Finding Inspiration in Modern Quilting
Could you identify quilting styles as quickly as you identify interior design styles? Like any art form, quilting has undergone many artistic movements during the evolution of the craft—the history of quilting spans numerous continents and cultures. As a result, quilting is a universal expression of tradition and storytelling. Today, we’ll explore the foundations and fun facts of a new movement: modern quilting.
American Traditional Quilting
American Traditional quilting is an art form with a precise, tidy visual appeal. This quilting style commonly features repeated quilt blocks in grid format to produce a symmetrical, organized pattern. Traditional quilts often use sashing and borders to maintain the order and visual direction of the pattern. Some famously traditional American quilt blocks and patterns are the nine-patch, flock of geese, log cabin, variegated hexagons, wedding ring, and sawtooth star.
Sawtooth Star Quilt Block
Hexagon Quilt Pattern
In contrast to the orderly neatness of traditional quilting, the modern style is heavily influenced by two major art movements. Modern quilting draws inspiration from the abstract expressionism art movement with its spontaneous and surreal methods of conveying emotions, movement, and stories. In this quilting style, the pattern is less important than the overall experience and feel of the quilt. Principles of the Color Field art movement are also easy to spot in modern quilts. Color field art uses swathes of color to inspire a state of reflection about the abstracted story or feeling told by the artist’s chosen colors.
This contemporary approach to quilting as an art form allows quilters to infuse a more dynamic personal style in their quilt projects. Some common elements found in this quilting style include the use of negative space, minimalist designs, attention to color theory, improvised patterns, asymmetry, sharp contrast, bright colors, bold patterns, abstraction, representational art patterns, two-tone simplicity, unexpected textures, intuitive based creativity, modern takes on traditional patchwork patterns, and encoded messages.
“Love is Love” encoded message quilt by Sarah J.
To reinforce the coded message, each bit of colorful fabric used in the morse code design of Sarah’s “Love is Love” quilt for her sister features the word “love.” The morse code technique uses a grid to convert numbers to letters to a mathematical formula to help you graph your desired message. Sarah loves using the morse code technique to make commemorative quilts that include dates or a personal message.
“Shazam” by Sarah J
The Shazam quilt is a traditional pattern with the patches rearranged to create an entirely new pattern. The eye is directed across the evenly spaced pattern by the color progression, and the wavy, irregular texture stitch running perpendicular to the color blocks is intended to direct the eye back to the pattern.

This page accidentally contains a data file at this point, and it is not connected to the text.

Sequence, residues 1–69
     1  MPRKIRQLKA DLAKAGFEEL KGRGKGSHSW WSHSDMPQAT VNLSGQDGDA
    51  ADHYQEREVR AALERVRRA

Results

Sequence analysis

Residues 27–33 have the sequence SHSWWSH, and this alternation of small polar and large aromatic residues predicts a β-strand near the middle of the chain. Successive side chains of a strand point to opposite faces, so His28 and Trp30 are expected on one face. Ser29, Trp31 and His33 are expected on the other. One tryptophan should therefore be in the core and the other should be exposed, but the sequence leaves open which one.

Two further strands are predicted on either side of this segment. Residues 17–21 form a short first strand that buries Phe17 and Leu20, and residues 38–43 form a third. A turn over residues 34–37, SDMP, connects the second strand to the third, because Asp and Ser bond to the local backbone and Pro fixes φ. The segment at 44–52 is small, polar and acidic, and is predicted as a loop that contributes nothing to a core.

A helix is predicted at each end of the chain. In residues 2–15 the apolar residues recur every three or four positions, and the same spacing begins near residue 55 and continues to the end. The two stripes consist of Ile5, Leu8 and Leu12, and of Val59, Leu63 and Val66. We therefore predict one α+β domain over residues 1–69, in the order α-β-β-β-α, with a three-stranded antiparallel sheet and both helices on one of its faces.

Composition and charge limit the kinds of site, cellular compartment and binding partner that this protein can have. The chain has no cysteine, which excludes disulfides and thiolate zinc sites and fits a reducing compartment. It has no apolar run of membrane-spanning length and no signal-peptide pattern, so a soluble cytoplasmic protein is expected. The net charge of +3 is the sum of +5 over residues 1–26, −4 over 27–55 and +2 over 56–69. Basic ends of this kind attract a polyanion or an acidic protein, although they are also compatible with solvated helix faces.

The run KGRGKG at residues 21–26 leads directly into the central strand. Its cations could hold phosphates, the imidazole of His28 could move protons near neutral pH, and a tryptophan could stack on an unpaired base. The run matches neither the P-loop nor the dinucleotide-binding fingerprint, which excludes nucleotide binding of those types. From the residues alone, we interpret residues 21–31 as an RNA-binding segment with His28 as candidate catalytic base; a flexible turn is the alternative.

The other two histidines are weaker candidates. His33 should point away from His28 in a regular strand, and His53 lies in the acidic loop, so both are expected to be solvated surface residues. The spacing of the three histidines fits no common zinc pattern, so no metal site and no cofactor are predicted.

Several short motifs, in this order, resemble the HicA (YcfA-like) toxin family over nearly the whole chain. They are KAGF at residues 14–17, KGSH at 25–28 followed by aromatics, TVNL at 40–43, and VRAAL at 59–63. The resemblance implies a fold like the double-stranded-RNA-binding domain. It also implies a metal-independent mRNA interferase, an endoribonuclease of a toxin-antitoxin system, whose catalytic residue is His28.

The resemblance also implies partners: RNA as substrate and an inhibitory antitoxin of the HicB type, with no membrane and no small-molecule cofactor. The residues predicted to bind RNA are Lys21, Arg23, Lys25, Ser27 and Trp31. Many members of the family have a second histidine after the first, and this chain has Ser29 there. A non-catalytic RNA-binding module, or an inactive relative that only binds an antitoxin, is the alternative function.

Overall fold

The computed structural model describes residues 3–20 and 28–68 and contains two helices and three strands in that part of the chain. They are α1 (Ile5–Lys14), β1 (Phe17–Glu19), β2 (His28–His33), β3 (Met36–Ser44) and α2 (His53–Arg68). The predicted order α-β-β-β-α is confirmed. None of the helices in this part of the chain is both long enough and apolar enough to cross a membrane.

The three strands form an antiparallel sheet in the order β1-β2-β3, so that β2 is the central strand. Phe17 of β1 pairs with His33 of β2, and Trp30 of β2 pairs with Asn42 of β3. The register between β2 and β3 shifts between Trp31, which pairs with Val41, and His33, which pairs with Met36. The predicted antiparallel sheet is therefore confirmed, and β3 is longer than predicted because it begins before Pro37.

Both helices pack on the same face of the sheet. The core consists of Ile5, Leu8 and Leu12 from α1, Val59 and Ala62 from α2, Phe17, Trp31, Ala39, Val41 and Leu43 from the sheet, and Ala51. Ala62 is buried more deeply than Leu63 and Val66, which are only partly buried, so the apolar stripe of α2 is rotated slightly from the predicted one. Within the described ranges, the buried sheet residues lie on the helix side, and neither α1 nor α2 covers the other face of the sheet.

“Reverb” by Sarah J
This memory quilt for her father is a reimagining of the Jack’s Chain Block pattern to include more negative space. The block pattern trails off near the bottom of the quilt to indicate his passing, and the quilt title suggests that despite his absence, his presence still reverberates through her life. She chose the blue tones to honor her father’s love of denim and to reflect their time together living on Lake of the Ozarks.
“Starburst” by Kourtney
The overlapping elements of modern and traditional quilting in the quilts below make for spectacular quilts. “Starburst” by Kourtney utilizes the tidy blocks of the traditional quilting style and the vibrant color palette of the modern quilting style. Kourtney used four “Flying Geese” quilt blocks to create a larger “Sawtooth Star” pattern. With the help of her Quilt Perfect Ruler Kit, specifically the Rolling Foot, she completed her ruler work with less friction and more ease.
“Modern Log Cabin” by Meg
This improv quilt is a modern take on the traditional log cabin quilt style by @megandthequilts. Improv quilting is a modern quilting style in which the quilter creates by piecing fabric together as they go instead of quilting with a structured pattern. Improv quilts evolve and shift with the creativity of the creator, and we think that’s a pretty neat concept. This wonky take on Bridgit Gail’s log cabin quilt is Meg’s only fully hand-quilted piece. She began this exceptional quilt on Trans Day of Visibility for her sibling last year.
“Fried Egg” quilt by Meg (@megandthequilts on IG & TikTok).
When asked about the inspiration behind her egg, Meg said: “I made the egg because I had been rejected from my local art show and felt very uninspired. So I chose to lean into some silly joyfulness and make an absurd quilt (that I thought only I would find funny). Those eggs have done just that and brought a lot of joy into my life. So being rejected from my local art show was exactly what needed to happen. I'm thinking about making some toast next.”
We like to think of modern quilting not as a departure from traditional quilting but as an additional mode of expression within the craft of quilting. Two common themes throughout quilting as a craft are an effort toward sustainable practices and the tradition of storytelling. Over the years, quilters' capabilities have expanded with the help of free-motion longarm quilting machines and greater access to fabric. The Grace Company is proud to be part of a community that seeks innovation and creativity. We hope always to be a resource for quilters exploring their craft.
The Grace Family
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